Gates, Hill. “Ethnicity and Social Class,” in The Anthropology of Taiwanese Society, ed. Emily Martin Ahern and Hill Gates. Stanford: Stanford University Press, 1981: 241-281.



8. (11/1) Fieldwork methodology and ethics

Readings:

Jackson, Bruce. Fieldwork. Chicago: University of Illinois Press, 1987. Part Two, pp. 63-106.

Constable, Nicole. Romance on a Global Stage: Pen Pals, Virtual Ethnography, and “Mail Order” Marriages. Berkeley: University of California Press, 2003. Chapter 2 “Ethnography in Imagined Virtual Communities”: 31-62.

Briggs, Charles. Learning How to Ask: A Sociolinguistic Appraisal of the role of the interview in social science research. Cambridge University Press, 1986. Chapter 3, pp,39-60.



9. (11/8) Problems in “outsider” and “insider” ethnography

Readings:

Clifford, James. The Predicament of Culture: Twentieth-Century Ethnography, Literature, and Art. Cambridge, MA: Harvard University Press, 1988. “On Ethnographic Authority”: 21-54.

Humphreys, Laud. “The Sociologist as Voyeur.” [1970] Reprinted in The Subcultures Reader, ed. Ken Gelder and Sarah Thornton. NY: Routledge, 1997: 231-245.

Narayan, Kirin. “How ‘Native’ is a Native Anthropologist?” American Anthropologist 5(3), 1993: 671-686.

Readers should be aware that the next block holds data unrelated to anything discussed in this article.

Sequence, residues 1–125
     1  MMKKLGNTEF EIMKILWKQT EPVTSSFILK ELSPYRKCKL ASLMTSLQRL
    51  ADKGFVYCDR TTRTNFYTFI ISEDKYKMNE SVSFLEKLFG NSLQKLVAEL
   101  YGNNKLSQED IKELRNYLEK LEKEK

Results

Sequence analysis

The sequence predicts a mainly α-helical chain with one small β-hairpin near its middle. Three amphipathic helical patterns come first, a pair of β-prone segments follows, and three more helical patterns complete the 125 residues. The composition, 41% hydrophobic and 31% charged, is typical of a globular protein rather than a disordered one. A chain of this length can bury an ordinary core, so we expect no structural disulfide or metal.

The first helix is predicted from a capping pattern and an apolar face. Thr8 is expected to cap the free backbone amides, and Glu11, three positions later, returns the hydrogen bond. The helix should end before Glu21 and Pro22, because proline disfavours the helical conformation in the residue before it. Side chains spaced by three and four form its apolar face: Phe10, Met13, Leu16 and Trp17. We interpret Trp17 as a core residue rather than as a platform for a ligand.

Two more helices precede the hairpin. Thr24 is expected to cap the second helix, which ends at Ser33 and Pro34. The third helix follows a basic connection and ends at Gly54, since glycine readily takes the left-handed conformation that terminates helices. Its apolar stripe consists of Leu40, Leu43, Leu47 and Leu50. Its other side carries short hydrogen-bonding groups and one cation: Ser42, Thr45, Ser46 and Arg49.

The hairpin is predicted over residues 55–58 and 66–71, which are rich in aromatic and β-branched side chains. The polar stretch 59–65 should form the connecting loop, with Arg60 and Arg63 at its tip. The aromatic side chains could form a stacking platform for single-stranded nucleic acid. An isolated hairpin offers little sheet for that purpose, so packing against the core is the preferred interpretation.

Weston, Kath. “The Virtual Anthropologist.” In Anthropological Locations: Boundaries and Grounds of a Field Science, Akhil Gupta and James Ferguson, eds., Berkeley: University of California Press, 1997.



10. (11/15) Racial subcultures

Readings:

Rose, Tricia. Black Noise: Rap Music and Black Culture in Contemporary America. Hanover, NH: Wesleyan University Press, 1994. Chapters 1, 2, 4 – pp. 1-61; 99-145.

Deloria, Philip. Playing Indian. New Haven : Yale University Press, 1998. Chapter 5, “Hobby Indians, Authenticity, and Race in Cold War America,” Chapter 6 “Counterculture Indians and the New Age.” Pp. 128-180.

Newitz, Annalee. “White Savagery and Humiliation, or a New Racial Consciousness in the Media.” In White Trash: Race and Class in America, Matt Wray and Annalee Newitz, eds. NY: Routledge, 1997: 131-154.



11. (11/22) Fandom

Readings:

Jenkins, Henry. Textual Poachers: Television Fans and Participatory Culture. NY: Routledge, 1992. Chapters 1, 8

Dyer, Richard (1986). Heavenly Bodies: Film Stars and Society. London, MacMillan Press. Chapter 3, “Judy Garland and Gay Men.” (pp.141-194)